How To Set A Scene Like A Pro

By on January 16, 2018
How To Set A Scene Like A Pro - Writer's

When it comes to writing a book, setting the scene, so it draws the reader in and creates a platform for the action that’s about to unfold is so essential.

All great writers need to learn how to paint a picture, how to create a setting that appeals to the senses and allows readers to become immersed in it as if they were there themselves.

Becoming a master at scene setting takes time and practice. You are setting the scene from a particular character’s point of view, and the reader therefore see’s it as they would. So considering that character’s personality, use of language and the way their mind works will influence which details are shared with the reader, what they notice and how that makes them feel.

Scene setting is a great way to prepare the reader for what’s to come. For example, the description may be one big metaphor for how a character is feeling or what action they decide to take next. Authors do this often using devices such as pathetic fallacy (projecting human feelings onto inanimate objects to determine the mood) to indirectly demonstrate how a character is feeling or letting the reader know what’s in store for them next.

The basics of scene setting require a writer to think about the senses. A well-set scene will appeal to all five senses, thus really giving the reader an idea of what it is like to be there. Every time you write a new scene, it is a good idea to think about the five senses and try to include a description that appeals to all of them. It’s all too easy just to describe what a character see’s and forget to mention what he or she hears, smells, feels or tastes.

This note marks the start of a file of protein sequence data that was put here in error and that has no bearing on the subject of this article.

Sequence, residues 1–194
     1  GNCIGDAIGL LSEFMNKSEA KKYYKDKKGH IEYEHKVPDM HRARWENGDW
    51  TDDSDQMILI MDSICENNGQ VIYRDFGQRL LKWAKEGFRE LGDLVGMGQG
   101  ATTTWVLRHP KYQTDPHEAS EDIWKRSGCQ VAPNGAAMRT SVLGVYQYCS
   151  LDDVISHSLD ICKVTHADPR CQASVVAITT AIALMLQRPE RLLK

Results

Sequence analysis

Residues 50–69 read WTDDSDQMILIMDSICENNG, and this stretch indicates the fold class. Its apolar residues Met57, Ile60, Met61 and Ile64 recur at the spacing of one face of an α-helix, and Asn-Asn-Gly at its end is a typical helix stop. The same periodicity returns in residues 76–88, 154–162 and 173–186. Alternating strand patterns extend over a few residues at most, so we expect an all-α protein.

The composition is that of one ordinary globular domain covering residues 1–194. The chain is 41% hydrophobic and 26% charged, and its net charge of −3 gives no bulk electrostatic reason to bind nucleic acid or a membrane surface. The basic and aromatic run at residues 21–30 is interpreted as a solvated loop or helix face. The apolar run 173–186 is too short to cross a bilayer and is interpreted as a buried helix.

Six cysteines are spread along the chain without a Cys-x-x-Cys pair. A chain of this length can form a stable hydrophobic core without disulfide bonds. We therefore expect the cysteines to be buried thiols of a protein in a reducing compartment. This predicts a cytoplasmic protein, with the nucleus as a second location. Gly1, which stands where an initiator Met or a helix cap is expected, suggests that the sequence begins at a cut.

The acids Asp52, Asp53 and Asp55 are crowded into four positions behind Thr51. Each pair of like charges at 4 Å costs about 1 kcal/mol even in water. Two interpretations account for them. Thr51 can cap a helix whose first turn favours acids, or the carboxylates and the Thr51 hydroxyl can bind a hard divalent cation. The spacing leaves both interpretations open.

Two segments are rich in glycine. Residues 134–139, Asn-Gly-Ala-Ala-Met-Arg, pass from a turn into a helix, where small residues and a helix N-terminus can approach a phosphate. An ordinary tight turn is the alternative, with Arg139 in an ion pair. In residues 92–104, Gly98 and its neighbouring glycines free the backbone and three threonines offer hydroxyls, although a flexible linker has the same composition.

Creating a great scene is one of the ways that you can demonstrate your own stamp as a writer, and really let your unique writing voice come through. Some writers are known for their use of poetic language, for example, others may be celebrated for their smart descriptive words or the way they are very economical and sparse in their descriptions yet manage to pick exactly the right adjective to precisely conjure up powerful images in the reader's mind.

A scene should not only appeal to the senses but also provoke an emotional reaction in the reader. Writing powerful descriptions can ignite an emotional charge in your reader. If you are trying to get them to feel a particular way or have a sense of what the character is feeling, then using the scene to reflect this can make your writing even more powerful and effective.

At the end of the day, becoming a master at scene-setting will significantly enhance your book and immediately make the reader want to know more about what’s going on. So make sure that next time you sit down to write, you pay attention and take the time to set a brilliant scene and let your story unfold from there!

Bethany Cadman -author of 'Doctor Vanilla's Sunflowers'

Bethany Cadman -author of 'Doctor Vanilla's Sunflowers'

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